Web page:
Now we check the cumulative frequency which is just greater than this value and the class it corresponds to. This class is noted as the median class. After deducing the median class, we apply the following formula:

Median= l + [ (N/2 – C)/f]/h

Here, C= Cumulative frequency corresponding to the class just before the median class and h= Size of the class intervals

Mean for Continuous Frequency Distribution

According to the definition, calculation of mean in this case also remains the same as in the case of the discrete frequency distribution of grouped data. The only difference is that the mid-points of each class denoted by Xi [ Xi= (h+l)/2]  are used to represent the class. Mean is calculated:

Mean= ∑fXi/N

Here, ∑fXi= Summation of the product os mid-points of each class with the corresponding frequency

Calculation of Mean Deviation

The calculation of mean deviation here proceeds in the same manner as for discrete frequency distribution except for the introduction of the concept of mid-points. For ease of calculation, it is assumed that the frequency of a class is centered around the mid-point of the interval. The mid-point is calculated as : (sum of upper and lower limit of the class)/2. The following formula is used:

Mean Deviation= (∑ fD)/N

Shortcut method or Step-Deviation method

Note: This method helps in finding mean deviation about mean only

The step-deviation method is used to easily calculate the mean compared to the traditional method. This method makes use of the concept of assumed mean to find out the actual mean. What is assumed mean? For the purpose of ease of calculations, a particular observation(or mid-point) is assumed to be the mean and deviations are recorded about this assumed mean. Later the actual mean is found out.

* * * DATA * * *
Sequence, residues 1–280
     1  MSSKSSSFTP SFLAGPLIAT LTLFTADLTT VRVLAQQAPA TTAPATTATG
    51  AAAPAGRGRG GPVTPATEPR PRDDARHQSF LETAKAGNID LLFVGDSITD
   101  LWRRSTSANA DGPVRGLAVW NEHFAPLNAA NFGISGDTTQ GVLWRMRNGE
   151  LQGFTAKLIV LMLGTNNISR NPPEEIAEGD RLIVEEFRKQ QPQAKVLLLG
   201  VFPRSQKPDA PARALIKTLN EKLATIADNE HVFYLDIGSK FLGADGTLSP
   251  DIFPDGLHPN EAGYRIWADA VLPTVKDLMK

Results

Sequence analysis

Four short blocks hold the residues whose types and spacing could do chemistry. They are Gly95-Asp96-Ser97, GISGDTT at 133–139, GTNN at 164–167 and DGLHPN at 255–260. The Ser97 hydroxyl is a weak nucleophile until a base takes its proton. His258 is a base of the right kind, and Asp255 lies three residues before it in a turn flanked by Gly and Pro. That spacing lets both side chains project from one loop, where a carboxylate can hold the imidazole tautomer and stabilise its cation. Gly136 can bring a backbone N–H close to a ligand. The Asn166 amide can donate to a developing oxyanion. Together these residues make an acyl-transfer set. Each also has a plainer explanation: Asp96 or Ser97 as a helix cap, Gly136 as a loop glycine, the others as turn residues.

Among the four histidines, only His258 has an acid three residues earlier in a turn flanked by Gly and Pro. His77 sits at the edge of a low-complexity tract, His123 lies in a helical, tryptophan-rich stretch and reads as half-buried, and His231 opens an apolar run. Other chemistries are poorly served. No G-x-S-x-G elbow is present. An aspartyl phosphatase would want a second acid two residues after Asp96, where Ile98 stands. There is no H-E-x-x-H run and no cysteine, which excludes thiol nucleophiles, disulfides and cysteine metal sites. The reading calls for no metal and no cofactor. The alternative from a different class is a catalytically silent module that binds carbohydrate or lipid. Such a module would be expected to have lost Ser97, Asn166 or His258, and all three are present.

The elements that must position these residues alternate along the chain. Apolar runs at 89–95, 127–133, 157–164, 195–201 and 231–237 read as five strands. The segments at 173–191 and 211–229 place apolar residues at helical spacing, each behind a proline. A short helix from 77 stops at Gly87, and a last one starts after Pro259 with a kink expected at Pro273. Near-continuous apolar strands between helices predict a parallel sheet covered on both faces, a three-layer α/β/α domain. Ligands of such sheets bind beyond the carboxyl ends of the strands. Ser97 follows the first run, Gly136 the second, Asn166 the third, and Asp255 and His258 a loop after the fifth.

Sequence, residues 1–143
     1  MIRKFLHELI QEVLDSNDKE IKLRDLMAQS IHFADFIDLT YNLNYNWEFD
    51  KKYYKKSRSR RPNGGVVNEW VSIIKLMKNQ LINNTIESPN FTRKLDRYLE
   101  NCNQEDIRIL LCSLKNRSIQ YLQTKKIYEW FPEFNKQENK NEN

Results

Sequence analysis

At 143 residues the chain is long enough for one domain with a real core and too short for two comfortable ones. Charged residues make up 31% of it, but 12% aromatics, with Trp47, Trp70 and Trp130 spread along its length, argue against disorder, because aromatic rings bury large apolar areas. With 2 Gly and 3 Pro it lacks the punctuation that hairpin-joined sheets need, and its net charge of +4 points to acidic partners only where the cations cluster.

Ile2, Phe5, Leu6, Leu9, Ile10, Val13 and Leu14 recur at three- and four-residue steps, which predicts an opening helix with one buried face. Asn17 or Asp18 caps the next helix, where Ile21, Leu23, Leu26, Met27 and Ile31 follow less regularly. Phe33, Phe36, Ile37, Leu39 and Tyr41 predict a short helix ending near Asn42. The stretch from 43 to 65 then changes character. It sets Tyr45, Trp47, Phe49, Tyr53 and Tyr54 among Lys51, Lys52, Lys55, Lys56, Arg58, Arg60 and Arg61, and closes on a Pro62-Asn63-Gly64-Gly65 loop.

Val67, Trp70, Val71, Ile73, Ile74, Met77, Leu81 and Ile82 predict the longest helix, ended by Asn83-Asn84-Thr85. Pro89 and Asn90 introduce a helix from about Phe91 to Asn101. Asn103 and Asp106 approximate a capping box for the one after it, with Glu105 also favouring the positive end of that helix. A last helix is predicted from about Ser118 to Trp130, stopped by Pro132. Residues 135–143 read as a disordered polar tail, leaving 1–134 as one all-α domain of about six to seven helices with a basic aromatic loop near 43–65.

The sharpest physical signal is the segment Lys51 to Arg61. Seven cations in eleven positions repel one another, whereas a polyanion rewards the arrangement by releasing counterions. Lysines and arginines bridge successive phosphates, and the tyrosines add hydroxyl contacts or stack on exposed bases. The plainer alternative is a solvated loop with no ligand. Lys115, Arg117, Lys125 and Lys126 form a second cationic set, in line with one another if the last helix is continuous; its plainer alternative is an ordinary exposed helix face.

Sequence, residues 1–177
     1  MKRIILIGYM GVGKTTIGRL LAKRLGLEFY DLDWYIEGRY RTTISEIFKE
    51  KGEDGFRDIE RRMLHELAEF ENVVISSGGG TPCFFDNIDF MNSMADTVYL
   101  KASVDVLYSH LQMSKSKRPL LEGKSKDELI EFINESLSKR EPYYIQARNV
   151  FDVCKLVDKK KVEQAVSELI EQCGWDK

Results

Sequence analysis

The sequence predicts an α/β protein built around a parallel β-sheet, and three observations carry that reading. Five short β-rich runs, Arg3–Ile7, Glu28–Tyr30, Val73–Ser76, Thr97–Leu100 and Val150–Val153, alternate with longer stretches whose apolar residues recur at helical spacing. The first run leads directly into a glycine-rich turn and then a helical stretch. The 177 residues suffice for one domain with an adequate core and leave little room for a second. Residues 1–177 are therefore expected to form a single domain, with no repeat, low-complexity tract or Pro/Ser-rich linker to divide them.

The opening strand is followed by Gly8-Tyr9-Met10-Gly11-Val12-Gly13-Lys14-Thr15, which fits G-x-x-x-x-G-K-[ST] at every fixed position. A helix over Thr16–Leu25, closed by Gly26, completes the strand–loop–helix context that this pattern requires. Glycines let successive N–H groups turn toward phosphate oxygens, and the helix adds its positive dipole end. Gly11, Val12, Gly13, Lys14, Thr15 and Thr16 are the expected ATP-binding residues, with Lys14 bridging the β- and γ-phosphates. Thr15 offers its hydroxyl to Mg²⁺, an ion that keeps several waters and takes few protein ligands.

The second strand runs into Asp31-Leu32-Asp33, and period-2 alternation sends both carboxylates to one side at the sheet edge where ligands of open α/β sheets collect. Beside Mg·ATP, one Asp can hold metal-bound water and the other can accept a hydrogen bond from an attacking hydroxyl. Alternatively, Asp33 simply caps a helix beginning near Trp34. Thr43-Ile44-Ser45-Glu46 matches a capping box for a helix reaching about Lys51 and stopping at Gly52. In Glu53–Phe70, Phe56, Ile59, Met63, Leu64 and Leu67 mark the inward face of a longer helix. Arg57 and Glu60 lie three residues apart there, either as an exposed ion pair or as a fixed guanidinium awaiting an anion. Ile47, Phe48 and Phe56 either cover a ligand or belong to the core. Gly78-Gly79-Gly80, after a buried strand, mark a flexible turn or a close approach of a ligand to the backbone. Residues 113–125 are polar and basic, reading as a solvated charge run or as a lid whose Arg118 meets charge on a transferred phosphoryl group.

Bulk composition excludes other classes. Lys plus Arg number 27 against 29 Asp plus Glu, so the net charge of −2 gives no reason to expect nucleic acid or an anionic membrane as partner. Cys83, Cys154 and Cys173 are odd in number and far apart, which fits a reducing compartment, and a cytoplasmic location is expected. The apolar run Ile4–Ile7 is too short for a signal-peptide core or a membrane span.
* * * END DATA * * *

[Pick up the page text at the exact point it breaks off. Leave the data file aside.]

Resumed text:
Note that the step deviation aids in finding only the mean. The remaining approach for calculation of mean deviation remains same as explained above. The assumed mean and factor by which the deviations are reduced are denoted by ‘m’ and ‘c’ respectively. Deviations are calculated as : D’= (Xi-m)/c. Lastly, the actual mean is calculated as :

Actual Mean= m + (∑fD’/N)×c

Here, m= The assumed mean

D’= The step deviations

c= The common factor by which deviations are reduced

Learn Range and Mean Deviation for Ungrouped Data here.

A Solved Example for You

Question 1: Find the mean deviation about mean for following data. Use step-deviation method.

Marks obtained 10-20 20-30 30-40 40-50 50-60 60-70 70-80
Number of students 2 3 8 14 8 3 2

Answer : Here the assumed mean

Marks obtained Number of students(f) Mid-points(Xi) D’=(Xi-45)/10 fD’  |Xi – a|  f|Xi – a|
10-20 2 15 -3 -6 30 60
20-30 3 25 -2 -6 20 60
30-40 8 35 -1 -8 10 80
40-50 14 45 0 0 0 0
50-60 8 55 1 8 10 80
60-70 3 65 2 6 20 60
70-80 2 75 3 6 30 60
∑=40 ∑=0 ∑=400

The assumed mean(m) and common factor(c) are taken to be 45 and 10 respectively.

Actual mean (a)= 45 + (0/40)×10 = 45

So, mean deviation = 400/40= 10

Question 2: What is grouped and ungrouped data?

Answer: First of all, both these forms are very useful forms of data. Group data refers to a form of data that has been organized into groups from the raw data. On the other hand, ungrouped data is a form of data that is raw, which means that it has only been collected and not sorted.

Question 3: What is grouped continuous data?

Answer: It refers to data that can take any values For instance; it can include time, weight, and height. Moreover, because if its capability to take any value, there are an infinite number of possible outcomes. Furthermore, we need to group continuous data before they can be represented in a frequency table or statistical diagram.

Question 4: How to find the range?

Answer: Range refers to a set of data that is the difference between the highest and the lowest values in the set. For finding the range, of a set, first of all, order data from least to greatest. After that, subtract the smallest value from the highest value in the set.

Question 5: Is grouped data continuous or discrete?

Answer: Usually, the continuous data is recorded as grouped data so it is usually represented by histograms or cumulative frequency graphs. Besides, sometimes also we record discrete data in groups to make calculations quicker.